I'm trying to say that every man, according to his ability, CAN help provide relief for those who struggle.  Besides actively assisting in your community, donating food to your local food bank, and money to legitimate charitable organizations, there is also this:

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Edited by Stargazer
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5 hours ago, Wellmired said:

Teh Bill Gates doc / docufilm  / docudrama .... okay got it, will check it out.

OH LOOK! a typo, 

 

some day oh someday over the Rainbow I"ll be able to fix my typos /SARC !

One more according to your profile. 

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58 minutes ago, Stargazer said:

Well, I was going to just reply to the OP, but I can't let this go by without commenting.  I've been using MS services and software for a long time, and looking at the market in general don't see anywhere where they cheated their customers.  I will say that Microsoft is a serious competitor with other businesses, and they were "guilty" of sharp business practices, if "guilt" be the right word for it.  So, in what way did Bill Gates cheat you?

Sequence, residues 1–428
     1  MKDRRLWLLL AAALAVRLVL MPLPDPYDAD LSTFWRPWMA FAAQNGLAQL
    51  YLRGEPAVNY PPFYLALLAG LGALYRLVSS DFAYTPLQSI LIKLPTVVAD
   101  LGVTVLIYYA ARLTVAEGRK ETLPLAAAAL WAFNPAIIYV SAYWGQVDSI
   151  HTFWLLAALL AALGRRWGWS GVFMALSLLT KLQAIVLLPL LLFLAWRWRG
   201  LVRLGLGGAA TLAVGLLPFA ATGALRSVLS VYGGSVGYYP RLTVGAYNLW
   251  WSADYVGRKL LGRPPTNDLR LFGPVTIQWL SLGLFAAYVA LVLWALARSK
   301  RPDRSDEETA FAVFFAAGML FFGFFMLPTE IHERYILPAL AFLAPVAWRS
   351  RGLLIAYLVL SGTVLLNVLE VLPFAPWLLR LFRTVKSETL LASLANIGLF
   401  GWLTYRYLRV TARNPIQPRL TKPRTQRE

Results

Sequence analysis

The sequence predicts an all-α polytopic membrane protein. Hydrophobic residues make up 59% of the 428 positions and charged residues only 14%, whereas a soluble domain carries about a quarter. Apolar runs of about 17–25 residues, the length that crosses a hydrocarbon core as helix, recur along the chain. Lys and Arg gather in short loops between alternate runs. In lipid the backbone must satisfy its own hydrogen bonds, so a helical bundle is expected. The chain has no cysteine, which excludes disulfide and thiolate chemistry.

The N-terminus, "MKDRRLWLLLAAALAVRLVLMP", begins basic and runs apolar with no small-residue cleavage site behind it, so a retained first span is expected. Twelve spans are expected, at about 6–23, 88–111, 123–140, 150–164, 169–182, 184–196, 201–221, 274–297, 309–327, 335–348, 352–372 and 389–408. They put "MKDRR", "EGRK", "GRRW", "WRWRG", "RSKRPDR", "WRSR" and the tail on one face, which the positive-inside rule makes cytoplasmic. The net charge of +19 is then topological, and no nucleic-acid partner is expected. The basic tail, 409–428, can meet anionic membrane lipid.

And just because Microsoft charged more than you wanted to pay for the Windows operating system, you could have gone with Apple Mackintosh instead.  Oh, wait, they charge even more for that! Or go with the free operating system, Linux!  Or maybe MS Word cost too much?  Well, there were plenty of other office-related software suites that were much cheaper or even free.  I've used all of these, but the one thing I came away with was this: Microsoft's software worked better than many of the others -- on Windows, at least.